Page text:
BY: MAY B. ANYDANCER, Feis America Magazine contributor
In the heated spirit of the upcoming North American Irish Dance Championships, here are a few friendly reminders for dancers and parents on being a good sport through the thick and thin.
Snap back from slip-ups. A detached cape. A bump on stage. Things pop up. It’s how you bounce back from a snafu that shows you’re a star sport.
Dancer dos: We’re not just taught to dance with grace and poise, but to apply it to every facet of our lives. Let the aggression out on stage, but don’t take the little—and uncontrollable—things out on others. Anyone in the audience, as well as the adjudicators, can easily sense animosity. So no matter how upset you might be, graciously wish your fellow competitors well and fight back the tears. They never look good on anyone.
Parent pointers: No matter what happens on stage, it’s important to instill a sense of perseverance, not shame. Something as simple as saying, “I’m proud of you,” will keep a dancer’s mind focused on the big picture and all the hard work they’ve done leading up to a competition…not the few minutes that just happened.
Seize results. Everyone can agree, awards ceremonies are the scariest part to any competition. But face it, once the dancing is done, it’s out of your hands.
Dancer dos: For any dancer faced with the recall rounds, why not make a quick exit from the ballroom to compose yourself before the big announcement. You didn’t get the results you wanted? Keep that idea of luck at the front of your mind. Just think of those who weren’t able to partake in such a prestigious event. A champion is a champion, no matter the placement.
Parent pointers: Parents, much like a dancer’s TCRG, have a responsibility to teach their dancers. Instead of reiterating what they could have done better that day (they probably already know), stay supportive no matter the outcome. Teach them the importance that shaking hands or posing for a picture with the winner is far better than storming off.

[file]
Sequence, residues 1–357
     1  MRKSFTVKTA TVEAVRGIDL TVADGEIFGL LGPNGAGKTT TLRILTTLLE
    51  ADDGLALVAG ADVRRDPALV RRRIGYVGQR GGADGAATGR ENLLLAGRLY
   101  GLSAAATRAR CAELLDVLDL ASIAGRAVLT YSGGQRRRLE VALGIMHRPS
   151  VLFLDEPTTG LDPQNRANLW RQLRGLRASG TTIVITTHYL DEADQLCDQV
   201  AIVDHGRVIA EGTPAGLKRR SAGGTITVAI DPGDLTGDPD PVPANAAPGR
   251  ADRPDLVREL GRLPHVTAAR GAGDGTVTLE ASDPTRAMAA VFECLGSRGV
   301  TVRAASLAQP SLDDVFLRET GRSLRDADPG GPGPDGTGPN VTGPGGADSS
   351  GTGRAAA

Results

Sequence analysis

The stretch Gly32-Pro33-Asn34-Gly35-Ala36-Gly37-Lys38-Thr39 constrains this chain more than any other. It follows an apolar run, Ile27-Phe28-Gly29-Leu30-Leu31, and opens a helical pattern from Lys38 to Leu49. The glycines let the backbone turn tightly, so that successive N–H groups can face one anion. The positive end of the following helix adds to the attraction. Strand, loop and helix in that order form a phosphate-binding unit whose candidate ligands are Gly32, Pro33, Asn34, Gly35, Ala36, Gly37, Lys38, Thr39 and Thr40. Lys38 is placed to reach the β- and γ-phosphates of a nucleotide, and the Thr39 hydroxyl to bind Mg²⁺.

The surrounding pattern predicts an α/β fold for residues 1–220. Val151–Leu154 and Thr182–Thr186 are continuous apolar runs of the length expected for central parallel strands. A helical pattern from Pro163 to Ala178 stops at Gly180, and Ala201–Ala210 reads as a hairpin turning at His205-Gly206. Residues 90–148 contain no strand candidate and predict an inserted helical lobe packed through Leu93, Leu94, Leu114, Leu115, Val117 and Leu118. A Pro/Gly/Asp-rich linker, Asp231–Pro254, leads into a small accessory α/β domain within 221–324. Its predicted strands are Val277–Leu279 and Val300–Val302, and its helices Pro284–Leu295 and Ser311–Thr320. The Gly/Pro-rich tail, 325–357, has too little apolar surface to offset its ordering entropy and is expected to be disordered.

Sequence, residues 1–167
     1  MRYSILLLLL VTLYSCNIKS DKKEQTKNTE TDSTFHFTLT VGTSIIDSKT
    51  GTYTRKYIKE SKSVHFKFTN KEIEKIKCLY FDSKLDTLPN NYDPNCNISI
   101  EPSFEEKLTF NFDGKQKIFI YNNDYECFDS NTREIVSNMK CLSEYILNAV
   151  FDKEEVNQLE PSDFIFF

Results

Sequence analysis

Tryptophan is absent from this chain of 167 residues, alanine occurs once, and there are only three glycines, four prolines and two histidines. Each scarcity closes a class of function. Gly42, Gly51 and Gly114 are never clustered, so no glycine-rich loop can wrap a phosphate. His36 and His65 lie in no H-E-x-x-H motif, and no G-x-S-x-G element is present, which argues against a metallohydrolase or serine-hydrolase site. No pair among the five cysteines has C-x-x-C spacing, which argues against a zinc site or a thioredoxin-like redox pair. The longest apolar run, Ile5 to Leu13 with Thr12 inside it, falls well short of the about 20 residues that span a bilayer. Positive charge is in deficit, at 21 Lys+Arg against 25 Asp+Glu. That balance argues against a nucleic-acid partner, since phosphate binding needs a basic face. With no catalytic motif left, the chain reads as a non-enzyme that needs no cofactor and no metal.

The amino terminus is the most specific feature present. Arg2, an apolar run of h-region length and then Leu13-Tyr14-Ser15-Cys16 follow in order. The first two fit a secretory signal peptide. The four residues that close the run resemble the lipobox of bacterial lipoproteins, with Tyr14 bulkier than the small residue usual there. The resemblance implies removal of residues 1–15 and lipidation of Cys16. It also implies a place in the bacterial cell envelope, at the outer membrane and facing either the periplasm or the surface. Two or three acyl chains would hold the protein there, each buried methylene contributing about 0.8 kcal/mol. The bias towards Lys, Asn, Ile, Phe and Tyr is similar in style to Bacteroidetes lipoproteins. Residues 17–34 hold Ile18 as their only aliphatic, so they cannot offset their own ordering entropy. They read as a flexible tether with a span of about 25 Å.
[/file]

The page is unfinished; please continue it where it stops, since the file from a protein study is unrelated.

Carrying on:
Lead by example. Dancing helps people grow as athletes. But having good sportsmanship is what defines every individual as a true champ.
Dancer dos: Remember, eyes are on you at all times. And that includes the little ones who want to be a champ like you one day. Your game face isn’t just for when you’re on stage, but whenever you’re representing your school. Just think of the champions you looked up to when you first started and how they acted.
Parent pointers: Remind your child to be pleasant and let them know that every dancer has their day. It’s easy to feed off the body language and attitude of others, so remaining calm will help your dancer do the same.
Keep working. Dancing is an ongoing journey of uncertainty. You might win a competition one weekend and not place the next. Keeping a tirelessly mindset of always wanting to improve will keep you going.
Dancer dos: There’s always room for tweaking—in your dancing and your outlook. You didn’t dance as well as you wanted? Channel your frustration into working an extra hour next week perfecting your steps. You’re on a winning streak? Take that natural high of success to push yourself that much further on trying to stay on top.
Parent pointers: Keep thinking of ways to keep your child interested and inspired. Let them show you new steps or moves and get excited for them. Remember, half of the excitement of a win for many dancers is making their parents proud.
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